Belarusian Identity and Rapprochement With the West

Publication: Eurasia Daily Monitor Volume: 12 Issue: 120

President Lukashenka met with OSCE Secretary General Lamberto Zannier, June 16 (Source: OSCE)

Not too long ago, Belarusian identity used to be a topic of purely academic interest. But today, publications devoted to this subject appear like from a horn of plenty. Not only do they show up frequently (see EDM, June 18, for two earlier examples), they are often intended for a lay audience. Clearly, such musings are the result of the crisis in Ukraine: Indeed, some patriotic Belarusians worry that should Russia decide to incorporate Belarus, many of their fellow countrymen would not resist that putative outcome and some might even rejoice.

The entire June 15 episode of a popular talk show of the Belarusian Service of Radio Liberty was entitled (and devoted to the question) “Why must one justify that Belarus is not Russia?” According to Siargei Dubavets, a journalist long active in the informal Belarusian Revival movement associated with the Belarusian Popular Front, the answer to this question is tied to state policy. As he argued, the tropes of the official propaganda proclaim that Belarusians and Russians are one people and that all three Eastern Slavic peoples (Belarusians, Russians and Ukrainians) have a single root. According to Sergei Nikolyuk, a political philosopher and an associate of the Western-funded polling firm the Independent Institute for Socio-Economic and Political Studies (IISEPS), in March 2015, only 27 percent of Belarusians identified with the view that Russians, Ukrainians, and Belarusians are different peoples. Whereas 67 percent believed they are three branches of one and the same people. To Nikolyuk, the Orthodox civilization that Russians and Belarusians belong to is coming to an end, which is why there are two options for Belarusians: either to change their civilizational identity or to terminate their historical existence. Nikolyuk believes that Belarusians’ mass reaction to the events in Ukraine is a reaction of a “Soviet people.” The Soviet man/woman has not disappeared. He/she craves a paternalistic state and does not care if it is called Russian or Belarusian as long as it assigns resources properly. Still, there is some hope, he explained: in Belarus, the proponents of the “European choice” account for as many as 25–30 percent, whereas in Russia they make up only 5–7 percent (, June 15). Yet another pessimistic view was recently expressed by the blogger Tsikhan Chernyakevich. He likened Belarus’s independence to a toy given to a child by adults; but those same adults can easily take this toy away (, June 15).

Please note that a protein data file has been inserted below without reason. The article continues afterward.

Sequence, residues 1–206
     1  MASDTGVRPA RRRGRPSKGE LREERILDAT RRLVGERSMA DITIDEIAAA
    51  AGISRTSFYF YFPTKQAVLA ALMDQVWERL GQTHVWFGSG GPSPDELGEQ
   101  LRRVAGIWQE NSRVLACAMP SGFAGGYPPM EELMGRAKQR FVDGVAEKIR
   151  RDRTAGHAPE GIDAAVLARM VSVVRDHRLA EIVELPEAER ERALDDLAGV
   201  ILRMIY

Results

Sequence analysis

More optimistic in tone are assertions written by Yulia Chernyavskaya, the author of the 2010 book “Belarusians: From tuteishia (locals) to nation.” According to Chernyavskaya, the notion that Belarusian identity is blurred results from the fact that this identity is not set up the way many intellectuals want it to be. But ethnic history does not fit arbitrary expectations in principle because it sprouts from different seeds. As per Ernest Renan, “the existence of a nation is a daily plebiscite.” With this is mind, Chernyavskaya surveyed multiple Belarusians and collected scores of expressions of dedication to Belarus. Chernyavskaya refers to a recent IISEPS poll, according to which 58 percent of Belarusians are against unification with Russia, whereas in 2001, 57.1 percent were in favor of these two countries merging into one (, June 16).